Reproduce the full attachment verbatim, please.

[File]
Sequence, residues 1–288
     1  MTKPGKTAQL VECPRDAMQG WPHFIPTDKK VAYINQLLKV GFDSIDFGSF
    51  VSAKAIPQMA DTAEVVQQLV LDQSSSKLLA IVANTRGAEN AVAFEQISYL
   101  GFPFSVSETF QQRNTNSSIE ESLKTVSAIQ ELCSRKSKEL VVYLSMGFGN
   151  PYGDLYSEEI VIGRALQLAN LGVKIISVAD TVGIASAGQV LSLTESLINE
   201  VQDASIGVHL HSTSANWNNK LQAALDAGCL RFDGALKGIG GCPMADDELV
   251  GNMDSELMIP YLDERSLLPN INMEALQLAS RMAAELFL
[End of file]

Sequence, residues 1–288
     1  MTKPGKTAQL VECPRDAMQG WPHFIPTDKK VAYINQLLKV GFDSIDFGSF
    51  VSAKAIPQMA DTAEVVQQLV LDQSSSKLLA IVANTRGAEN AVAFEQISYL
   101  GFPFSVSETF QQRNTNSSIE ESLKTVSAIQ ELCSRKSKEL VVYLSMGFGN
   151  PYGDLYSEEI VIGRALQLAN LGVKIISVAD TVGIASAGQV LSLTESLINE
   201  VQDASIGVHL HSTSANWNNK LQAALDAGCL RFDGALKGIG GCPMADDELV
   251  GNMDSELMIP YLDERSLLPN INMEALQLAS RMAAELFL